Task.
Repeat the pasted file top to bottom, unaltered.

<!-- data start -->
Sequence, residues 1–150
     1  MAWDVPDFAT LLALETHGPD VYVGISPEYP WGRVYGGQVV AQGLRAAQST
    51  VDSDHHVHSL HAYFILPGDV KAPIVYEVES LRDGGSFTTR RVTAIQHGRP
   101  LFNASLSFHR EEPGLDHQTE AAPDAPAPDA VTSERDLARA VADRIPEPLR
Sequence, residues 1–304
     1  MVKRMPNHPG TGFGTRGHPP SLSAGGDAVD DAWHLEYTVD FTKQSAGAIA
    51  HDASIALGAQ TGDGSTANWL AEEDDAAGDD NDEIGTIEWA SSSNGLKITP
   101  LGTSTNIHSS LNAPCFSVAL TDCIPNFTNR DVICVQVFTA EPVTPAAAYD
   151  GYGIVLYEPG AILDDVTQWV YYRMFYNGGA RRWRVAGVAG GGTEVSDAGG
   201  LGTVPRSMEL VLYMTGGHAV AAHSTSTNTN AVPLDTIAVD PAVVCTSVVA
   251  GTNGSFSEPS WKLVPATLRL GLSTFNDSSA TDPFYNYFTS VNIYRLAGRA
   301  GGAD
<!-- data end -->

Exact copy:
Sequence, residues 1–150
     1  MAWDVPDFAT LLALETHGPD VYVGISPEYP WGRVYGGQVV AQGLRAAQST
    51  VDSDHHVHSL HAYFILPGDV KAPIVYEVES LRDGGSFTTR RVTAIQHGRP
   101  LFNASLSFHR EEPGLDHQTE AAPDAPAPDA VTSERDLARA VADRIPEPLR
Sequence, residues 1–304
     1  MVKRMPNHPG TGFGTRGHPP SLSAGGDAVD DAWHLEYTVD FTKQSAGAIA
    51  HDASIALGAQ TGDGSTANWL AEEDDAAGDD NDEIGTIEWA SSSNGLKITP
   101  LGTSTNIHSS LNAPCFSVAL TDCIPNFTNR DVICVQVFTA EPVTPAAAYD
   151  GYGIVLYEPG AILDDVTQWV YYRMFYNGGA RRWRVAGVAG GGTEVSDAGG
   201  LGTVPRSMEL VLYMTGGHAV AAHSTSTNTN AVPLDTIAVD PAVVCTSVVA
   251  GTNGSFSEPS WKLVPATLRL GLSTFNDSSA TDPFYNYFTS VNIYRLAGRA
   301  GGAD